Almost all homebuyers come to a crossroads at which time they must ask themselves, should I buy new or renovate our current home? While initially, it would appear that these are the only two options, in reality, there are four:
- Renovate your current home
- Buy a new house
- Build new
- Buy a new house that needs renovations
Stacy Santos, Seller Representative Specialist (SRS) at Marsha Marsh Real Estate Services and seasoned house flipping veteran is here to give us some insights into the payoffs and pitfalls of home renovations.
1. Budget is The Big One
“Homeowners need to ask themselves about their budget, number one. I recommend a 10 to 20 percent cushion when deciding to renovate” Stacey advises homeowners and buyers. “Don’t budget yourself so tight, because something always comes up.”
Previous homeowners may have camouflaged their shoddy craftsmanship behind a layer of drywall, behind cupboards, under tiles etc., leaving the next home buyer or current owner to move plumbing, redirect heating ducts, replace electrical wiring, and take on other unforeseen snags.
“It’s helpful if you’ve done the renovation in the past so you know what it costs. Or, work with an agent that has done renovations who can say, ‘you need to allocate $10,000 here and $5,000 on floors,’ or whatever it may be. People who haven’t done these kinds of projects don’t know what renovations cost so they’re walking in blindly,” Stacey says.
In fact, about 31% of homeowners go over budget, according to 2016 survey by Houzz. Moreover, the average expenditure of homeowners who exceeded their budgets was $31,100 over their more frugal counterparts.
“If you’re not finding a home that is already renovated in your budget, then sometimes it’s fun to go down 30, 40, or 50 thousand dollars and then put that money you saved into renovating the home. You can play around like that a little bit,” Stacey asserts.
2. Location is Crucial
Have you ever heard the phrase “location, location, location?” This mantra couldn’t be more apropos than when making your decision to renovate or find a new home. “Location is very important, you don’t want to over-renovate something that is next to an airport or on a busy road,” Stacey says.
While you want your home to be comfortable, resale should always be a consideration when remodeling. If you’re never going to be able to recuperate the cost of your renovations than it’s probably not such a good investment. “I prefer to buy cheap in a nice location and renovate it myself,” Stacey divulges, “You can get more bang for your buck if you renovate versus building new or even buying a home that’s already renovated.”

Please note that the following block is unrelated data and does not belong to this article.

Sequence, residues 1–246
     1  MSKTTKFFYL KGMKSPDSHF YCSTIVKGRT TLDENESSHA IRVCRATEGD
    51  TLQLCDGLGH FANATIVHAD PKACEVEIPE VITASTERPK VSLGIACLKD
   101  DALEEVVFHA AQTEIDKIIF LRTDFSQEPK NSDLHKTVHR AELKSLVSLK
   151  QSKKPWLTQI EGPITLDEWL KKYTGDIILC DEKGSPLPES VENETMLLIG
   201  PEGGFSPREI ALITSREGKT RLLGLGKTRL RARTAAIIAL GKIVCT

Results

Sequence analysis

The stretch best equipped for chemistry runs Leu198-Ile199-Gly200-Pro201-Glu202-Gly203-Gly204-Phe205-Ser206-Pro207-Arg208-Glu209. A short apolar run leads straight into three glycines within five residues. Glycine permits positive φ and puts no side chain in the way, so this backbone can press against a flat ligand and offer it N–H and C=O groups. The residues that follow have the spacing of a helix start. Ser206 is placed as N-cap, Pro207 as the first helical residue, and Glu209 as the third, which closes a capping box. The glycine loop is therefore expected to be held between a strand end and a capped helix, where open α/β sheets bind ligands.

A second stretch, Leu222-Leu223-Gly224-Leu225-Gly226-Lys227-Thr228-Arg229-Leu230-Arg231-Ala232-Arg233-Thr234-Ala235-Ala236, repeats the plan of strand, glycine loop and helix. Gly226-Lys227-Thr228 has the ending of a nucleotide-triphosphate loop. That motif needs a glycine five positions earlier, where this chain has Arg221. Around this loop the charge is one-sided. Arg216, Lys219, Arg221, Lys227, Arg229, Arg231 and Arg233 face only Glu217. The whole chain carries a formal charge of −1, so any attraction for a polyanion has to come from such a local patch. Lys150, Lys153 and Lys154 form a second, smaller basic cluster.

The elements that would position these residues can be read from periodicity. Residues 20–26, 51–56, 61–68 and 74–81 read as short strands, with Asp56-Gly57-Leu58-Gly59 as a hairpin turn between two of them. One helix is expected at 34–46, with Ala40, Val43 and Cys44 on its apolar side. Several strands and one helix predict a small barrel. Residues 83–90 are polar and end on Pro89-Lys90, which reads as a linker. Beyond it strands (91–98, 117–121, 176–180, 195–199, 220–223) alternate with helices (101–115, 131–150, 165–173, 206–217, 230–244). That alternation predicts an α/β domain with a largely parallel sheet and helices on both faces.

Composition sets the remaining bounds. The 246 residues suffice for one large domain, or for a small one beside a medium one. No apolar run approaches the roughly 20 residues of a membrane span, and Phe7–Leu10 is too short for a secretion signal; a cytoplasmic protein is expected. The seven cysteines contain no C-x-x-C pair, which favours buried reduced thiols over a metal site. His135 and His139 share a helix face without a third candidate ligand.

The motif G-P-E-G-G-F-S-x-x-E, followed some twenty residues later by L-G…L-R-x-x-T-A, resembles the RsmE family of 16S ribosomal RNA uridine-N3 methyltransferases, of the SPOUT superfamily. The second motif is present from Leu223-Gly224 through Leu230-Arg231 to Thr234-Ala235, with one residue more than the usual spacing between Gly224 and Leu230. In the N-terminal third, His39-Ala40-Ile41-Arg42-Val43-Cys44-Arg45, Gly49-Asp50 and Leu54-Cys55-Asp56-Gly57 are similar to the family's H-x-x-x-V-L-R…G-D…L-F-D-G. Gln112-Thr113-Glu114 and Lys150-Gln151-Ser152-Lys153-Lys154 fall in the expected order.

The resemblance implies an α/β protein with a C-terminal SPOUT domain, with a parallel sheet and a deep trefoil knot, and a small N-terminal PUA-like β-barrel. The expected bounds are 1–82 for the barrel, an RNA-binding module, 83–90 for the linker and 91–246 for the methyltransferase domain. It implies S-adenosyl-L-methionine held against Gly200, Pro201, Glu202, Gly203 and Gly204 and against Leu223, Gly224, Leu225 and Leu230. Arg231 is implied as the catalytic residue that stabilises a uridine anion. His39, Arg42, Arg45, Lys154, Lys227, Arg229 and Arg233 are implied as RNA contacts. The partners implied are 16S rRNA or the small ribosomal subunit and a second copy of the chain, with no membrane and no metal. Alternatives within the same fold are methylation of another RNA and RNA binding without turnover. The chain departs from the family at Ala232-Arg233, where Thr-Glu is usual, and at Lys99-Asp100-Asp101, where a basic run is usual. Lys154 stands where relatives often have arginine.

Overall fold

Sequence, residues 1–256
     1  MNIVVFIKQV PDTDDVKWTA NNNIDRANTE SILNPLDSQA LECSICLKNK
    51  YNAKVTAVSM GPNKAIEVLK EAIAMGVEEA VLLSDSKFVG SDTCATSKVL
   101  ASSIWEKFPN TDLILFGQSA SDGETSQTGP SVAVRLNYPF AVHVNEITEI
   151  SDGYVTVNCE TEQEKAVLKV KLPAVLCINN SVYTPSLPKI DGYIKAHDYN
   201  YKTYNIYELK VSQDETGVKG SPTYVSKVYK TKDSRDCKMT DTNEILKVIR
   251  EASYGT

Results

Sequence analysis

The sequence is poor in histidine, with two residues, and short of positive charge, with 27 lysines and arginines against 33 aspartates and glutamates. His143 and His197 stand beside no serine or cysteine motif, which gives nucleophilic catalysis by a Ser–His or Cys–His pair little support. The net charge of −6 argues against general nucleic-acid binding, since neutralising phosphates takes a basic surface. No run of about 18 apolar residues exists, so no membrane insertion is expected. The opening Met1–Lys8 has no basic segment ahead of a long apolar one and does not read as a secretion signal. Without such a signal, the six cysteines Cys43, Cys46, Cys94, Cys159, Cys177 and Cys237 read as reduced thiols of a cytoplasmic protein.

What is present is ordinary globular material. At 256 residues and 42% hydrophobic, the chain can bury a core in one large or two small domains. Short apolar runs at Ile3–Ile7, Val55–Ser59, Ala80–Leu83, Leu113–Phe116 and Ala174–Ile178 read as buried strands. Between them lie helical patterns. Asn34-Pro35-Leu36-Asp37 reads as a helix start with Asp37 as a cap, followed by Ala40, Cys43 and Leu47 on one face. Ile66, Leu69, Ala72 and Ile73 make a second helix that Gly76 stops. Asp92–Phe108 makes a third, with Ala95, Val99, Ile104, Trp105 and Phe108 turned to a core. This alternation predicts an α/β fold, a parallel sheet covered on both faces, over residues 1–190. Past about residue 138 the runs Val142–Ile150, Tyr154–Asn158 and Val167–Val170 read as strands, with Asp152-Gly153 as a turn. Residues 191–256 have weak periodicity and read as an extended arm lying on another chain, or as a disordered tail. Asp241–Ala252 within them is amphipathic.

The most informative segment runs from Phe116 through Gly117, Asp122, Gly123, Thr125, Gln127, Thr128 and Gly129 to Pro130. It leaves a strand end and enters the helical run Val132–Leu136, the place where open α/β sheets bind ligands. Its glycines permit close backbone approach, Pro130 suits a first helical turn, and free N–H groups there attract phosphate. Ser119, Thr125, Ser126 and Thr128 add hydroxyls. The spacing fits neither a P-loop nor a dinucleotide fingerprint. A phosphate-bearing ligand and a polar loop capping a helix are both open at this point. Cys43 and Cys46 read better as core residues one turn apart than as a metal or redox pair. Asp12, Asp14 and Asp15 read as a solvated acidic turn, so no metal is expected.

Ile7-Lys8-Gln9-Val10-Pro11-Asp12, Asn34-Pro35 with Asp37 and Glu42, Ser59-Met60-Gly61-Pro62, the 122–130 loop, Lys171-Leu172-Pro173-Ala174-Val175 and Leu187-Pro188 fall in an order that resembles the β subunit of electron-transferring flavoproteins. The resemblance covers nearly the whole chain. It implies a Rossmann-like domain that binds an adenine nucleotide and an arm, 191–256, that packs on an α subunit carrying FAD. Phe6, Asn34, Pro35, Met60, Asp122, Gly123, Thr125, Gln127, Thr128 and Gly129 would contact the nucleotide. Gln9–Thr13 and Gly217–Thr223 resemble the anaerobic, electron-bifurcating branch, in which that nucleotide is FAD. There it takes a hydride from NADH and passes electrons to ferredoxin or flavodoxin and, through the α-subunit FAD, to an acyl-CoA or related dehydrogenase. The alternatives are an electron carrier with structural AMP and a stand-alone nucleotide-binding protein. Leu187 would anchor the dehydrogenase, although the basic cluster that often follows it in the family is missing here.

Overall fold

3. Timing Is Everything
“It’s going to depend on the time you have. It’s hard to move into a home that you plan on remodeling. Living in renovations is especially difficult if you have children,” Stacey says.
To ensure both your sanity and safety during renovations, here are some great tips from This Old House:
- Keep painter’s masks on hand to protect yourself from dust
- Eat healthy and avoid eating fast food and take out regularly
- Get “Do Not Disturb” signs to mark off areas of the house
- Be a part of the transformation
- Be appreciative to contractors
4. Small Changes Make a Huge Different
“Curb appeal is really important,” Stacey says. “Add a little dimension with a porch, landscaping, a new front door, your lights… make it look really pretty and inviting.” According to research by HGTV, landscaping is the second most important home renovation to maximize return at resale. While it may seem like an insignificant redo, the average return at resale is 100%, meaning if you invest $2,000 in the great outdoors, you’ll walk away with $4,000.
“New kitchens and baths are going to be where most of your money is spent,” says Stacey. “But I’m finding that buyers are okay with freshening those up. If the cupboards are older, I see people paint them, put new hardware on, and adding a fresh countertop.” It turns out, Stacey’s right; while kitchens and baths are generally far more expensive than landscaping, they only offer a 2% higher return on investment.
Taking the Renovation Plunge
“My advice to people thinking about renovating their current home is to keep up with their projects. Have a fund that you can put on the side to do a project a year, big or small,” Stacey advises. Often, playing catch up after years of stagnant homeownership can become a huge hurdle come sale time. As such, a good strategy it to pick one project every year to keep your home updated, fresh, and if needed, fit for sale.
“My advice to people looking to buy something that they’re planning on renovating versus buying something that is already renovated is this: if you don’t have any desire for the work, then definitely look for something already finished … You need a lot of patience while you’re renovating.”
Although renovations are a massive undertaking, there are some intangible payoffs that can make it truly worthwhile. “When you renovate something yourself, it’s a huge accomplishment,” Stacey asserts. “And it’s fun—it makes the home something that you can be proud of.”
Know When You Need Help
If you are new to renovations, make sure you find a good real estate agent that can guide you through the process. A Realtor with a background in renovations can give you a good idea of the cost of remodeling, estimated resale, and possible problems with the property.
Remember, remodeling can be pricey. To make sure you have the best loan selection possible, find a mortgage company that can find a mortgage that fits your individual needs and goals.